I've been an Evangelical Christian for 30+ years. In the last few years I have undergone a dramatic shift in my views about inclusion of LGBTQ people in the church and in society at large (such as marriage). I went from being stridently against it, to being reluctantly against it, to being quietly for it, to being an outspoken advocate/ally. This transition occured primarily as a result of extensive Biblical and theological study.
Of the many, many resources I utilized along the way (including Matthew Vine's excellent video), there are three that I would like to recommend:
1. "Welcoming in the Gentiles" by Dr. Sylvia Keesmaat. A brilliant essay by New Testament scholar Dr. Sylvia Keesmaat, who is a colleague of N.T. Wright and co-author of Colossians Remixed: Subverting the Empire. http://empireremixed.files.wordpress.com/2011/01/welcoming-the-gentiles.pdf
2. "Heterosexism and the Interpretation of Romans 1:18-32" by Dale B. Martin. Martin is the Woolsey Professor of Religious Studies at Yale and specializes in New Testament and Christian Origins, including attention to social and cultural history of the Greco-Roman world. This essay is included in Martin's excellent book Sex and the Single Savior: Gender and Sexuality in Biblical Interpretation (http://www.amazon.com/dp/0664230466/ref=rdr_ext_tmb%29)
Heterosexism and the Interpretation of Romans 1:18-32 can be read online via Google Books by clicking here.
3. Michael Westmoreland-White, Ph.D, an academic theologian married to a Baptist minister, created an in-depth and very detailed series of posts under the collective title of "GLBT Persons in the Church: A Case for Full Inclusion". This resource, more than any other, had a profound impact in me. The index of these posts is here: http://levellers.wordpress.com/2008/07/14/index-of-posts-on-glbt-persons-in-the-church-a-case-for-full-inclusion/
Tuesday, September 17, 2013
Stephen Fry opines about Quakers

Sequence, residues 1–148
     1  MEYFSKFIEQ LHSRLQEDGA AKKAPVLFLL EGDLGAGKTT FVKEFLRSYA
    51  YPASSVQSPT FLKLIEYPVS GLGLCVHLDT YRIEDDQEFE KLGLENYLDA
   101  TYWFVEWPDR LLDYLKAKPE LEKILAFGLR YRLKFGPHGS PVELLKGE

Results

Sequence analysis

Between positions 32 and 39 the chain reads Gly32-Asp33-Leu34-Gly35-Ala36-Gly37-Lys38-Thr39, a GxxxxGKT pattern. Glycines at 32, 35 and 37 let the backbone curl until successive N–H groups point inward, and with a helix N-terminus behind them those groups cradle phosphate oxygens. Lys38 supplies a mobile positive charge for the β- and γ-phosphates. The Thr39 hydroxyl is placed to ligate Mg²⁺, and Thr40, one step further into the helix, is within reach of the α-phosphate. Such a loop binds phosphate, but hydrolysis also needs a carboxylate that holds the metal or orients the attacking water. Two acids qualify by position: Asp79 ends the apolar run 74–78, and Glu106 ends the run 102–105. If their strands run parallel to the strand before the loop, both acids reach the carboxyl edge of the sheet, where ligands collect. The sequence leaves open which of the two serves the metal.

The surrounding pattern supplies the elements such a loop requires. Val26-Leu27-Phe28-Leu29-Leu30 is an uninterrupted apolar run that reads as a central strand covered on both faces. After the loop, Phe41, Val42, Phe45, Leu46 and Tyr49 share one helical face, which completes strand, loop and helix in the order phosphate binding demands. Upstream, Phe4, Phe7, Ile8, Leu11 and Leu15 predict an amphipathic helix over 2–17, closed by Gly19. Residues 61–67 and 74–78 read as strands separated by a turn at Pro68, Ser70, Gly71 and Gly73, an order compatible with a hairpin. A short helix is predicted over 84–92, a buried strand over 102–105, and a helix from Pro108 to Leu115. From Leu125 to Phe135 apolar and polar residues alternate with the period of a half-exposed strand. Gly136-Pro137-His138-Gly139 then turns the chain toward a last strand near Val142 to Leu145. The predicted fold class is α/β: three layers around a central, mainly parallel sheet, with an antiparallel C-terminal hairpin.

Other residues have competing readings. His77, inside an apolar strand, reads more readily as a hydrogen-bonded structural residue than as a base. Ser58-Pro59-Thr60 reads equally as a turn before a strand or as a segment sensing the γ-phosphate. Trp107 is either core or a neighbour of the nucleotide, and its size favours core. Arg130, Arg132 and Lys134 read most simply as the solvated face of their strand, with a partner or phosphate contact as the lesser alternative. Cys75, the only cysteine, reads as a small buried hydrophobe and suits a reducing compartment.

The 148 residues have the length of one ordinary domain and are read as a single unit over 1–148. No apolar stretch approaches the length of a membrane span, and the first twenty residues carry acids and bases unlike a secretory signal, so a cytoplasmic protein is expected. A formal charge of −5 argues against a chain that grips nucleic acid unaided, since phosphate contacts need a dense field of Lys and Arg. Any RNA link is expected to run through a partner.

My "NALT" (Not All Like That" Christian video...
Tuesday, September 10, 2013
Monday, September 09, 2013
Of Cakes and Christians
Jesus was accused by the Pharisees of being a friend to sinners and to drunkards and to despised tax collectors. He made gallons of wine at a wedding. He treated women of ill-repute with respect. He made a Samaritan--a member of the neighboring race and sworn enemies of the Jews--the hero of one of his most profound parables. He praised a Gentile Roman Centurion--part of the occupying imperial force--for having great faith. He touched lepers. He spoke forgiveness and grace to those who beat and crucified him. His followers continued the trend: Philip baptized an Ethiopian eunuch who was barred from Jewish temple worship. Peter participated in a religious revival among the Samaritans and then a Holy Ghost outpouring in the home of a Roman Centurion. Paul poured out his life traveling the highways and byways of the Roman Empire with a vision of Jews and pagan Gentiles together becoming the people of God; his fellow countrymen tried repeatedly to kill him because of it.
Last week I heard about two separate instances of Christian bakers--one in Oregon and one in Colorado--refusing to make wedding cakes for same-sex couples. In both cases, the bakers had turned away gay customers more than once, citing their Christian faith as the reason (the baker in Colorado will, however, happily make a cake for a dog wedding). In both cases, the actions of the cake-bakers brought public disapproval and official anti-discrimination investigations upon them. In both cases, the bakers and their supporters responded by claiming that they were being persecuted for their faith.
Here's the thing: If your Christian faith is causing you to be unkind to people, then it is time to reevaluate your understanding of what it means to be a Christian. Some misguided and misinformed Christians have, in times past, persecuted Jews, supported slavery, denied access to facilities for non-whites and opposed mix-race marriages. They are looked back upon by most Christians today with embarrassment. Those misguided and misinformed Christians not only missed the examples of Jesus and Philip and Peter and Paul but somehow managed to become their antithesis: They became Pharisees.
Would Jesus bake a cake for a same-sex couple? Yes.
Tuesday, September 03, 2013
At church on Sunday my friend Dick, who is 104 years old, was explaining how when he was a child in Cle Elum, Washington his family had a crystal radio set. They would patiently move the needle until it picked up a radio station. The static-y signal faded in and out and the dial would need to be continuously adjusted to try to hold on to the transmission. Sometimes they picked up a station playing music, which was cause for great joy. Often these signals were transitory and from far away in the Midwest and had reached rural western Washington state by bouncing off of the ionosphere. They provided a connection to a larger world.
It struck me that this an apt analogy for how we listen for God's voice. God is not distant and is always communicating with us in a multitude of ways. But there is much noise and static and distraction in our lives which often makes it hard for us to discern God's "signal." We have to listen carefully, which requires intentionally and patiently making adjustments in order to remain tuned in.